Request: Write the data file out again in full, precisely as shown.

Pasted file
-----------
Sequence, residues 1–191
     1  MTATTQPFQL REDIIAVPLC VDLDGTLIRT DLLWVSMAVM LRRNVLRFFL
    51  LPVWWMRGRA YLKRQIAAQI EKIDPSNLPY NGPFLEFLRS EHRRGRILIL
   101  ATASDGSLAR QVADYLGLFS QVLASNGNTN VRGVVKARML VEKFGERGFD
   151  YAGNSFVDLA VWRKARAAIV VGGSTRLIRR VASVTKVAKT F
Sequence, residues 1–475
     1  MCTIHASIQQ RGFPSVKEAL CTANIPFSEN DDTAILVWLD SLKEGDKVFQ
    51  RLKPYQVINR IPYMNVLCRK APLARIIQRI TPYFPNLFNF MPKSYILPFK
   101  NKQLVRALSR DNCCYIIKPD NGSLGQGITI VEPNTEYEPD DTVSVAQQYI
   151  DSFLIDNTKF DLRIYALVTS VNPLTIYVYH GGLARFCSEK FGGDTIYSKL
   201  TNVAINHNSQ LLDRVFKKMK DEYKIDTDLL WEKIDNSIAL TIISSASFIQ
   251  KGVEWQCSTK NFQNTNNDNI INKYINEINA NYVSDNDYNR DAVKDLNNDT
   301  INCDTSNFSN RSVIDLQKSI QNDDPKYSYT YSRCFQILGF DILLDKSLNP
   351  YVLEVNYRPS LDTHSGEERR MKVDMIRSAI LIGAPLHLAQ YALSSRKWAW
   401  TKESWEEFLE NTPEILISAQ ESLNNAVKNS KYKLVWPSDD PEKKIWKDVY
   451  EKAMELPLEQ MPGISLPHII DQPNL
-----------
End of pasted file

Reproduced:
Sequence, residues 1–191
     1  MTATTQPFQL REDIIAVPLC VDLDGTLIRT DLLWVSMAVM LRRNVLRFFL
    51  LPVWWMRGRA YLKRQIAAQI EKIDPSNLPY NGPFLEFLRS EHRRGRILIL
   101  ATASDGSLAR QVADYLGLFS QVLASNGNTN VRGVVKARML VEKFGERGFD
   151  YAGNSFVDLA VWRKARAAIV VGGSTRLIRR VASVTKVAKT F
Sequence, residues 1–475
     1  MCTIHASIQQ RGFPSVKEAL CTANIPFSEN DDTAILVWLD SLKEGDKVFQ
    51  RLKPYQVINR IPYMNVLCRK APLARIIQRI TPYFPNLFNF MPKSYILPFK
   101  NKQLVRALSR DNCCYIIKPD NGSLGQGITI VEPNTEYEPD DTVSVAQQYI
   151  DSFLIDNTKF DLRIYALVTS VNPLTIYVYH GGLARFCSEK FGGDTIYSKL
   201  TNVAINHNSQ LLDRVFKKMK DEYKIDTDLL WEKIDNSIAL TIISSASFIQ
   251  KGVEWQCSTK NFQNTNNDNI INKYINEINA NYVSDNDYNR DAVKDLNNDT
   301  INCDTSNFSN RSVIDLQKSI QNDDPKYSYT YSRCFQILGF DILLDKSLNP
   351  YVLEVNYRPS LDTHSGEERR MKVDMIRSAI LIGAPLHLAQ YALSSRKWAW
   401  TKESWEEFLE NTPEILISAQ ESLNNAVKNS KYKLVWPSDD PEKKIWKDVY
   451  EKAMELPLEQ MPGISLPHII DQPNL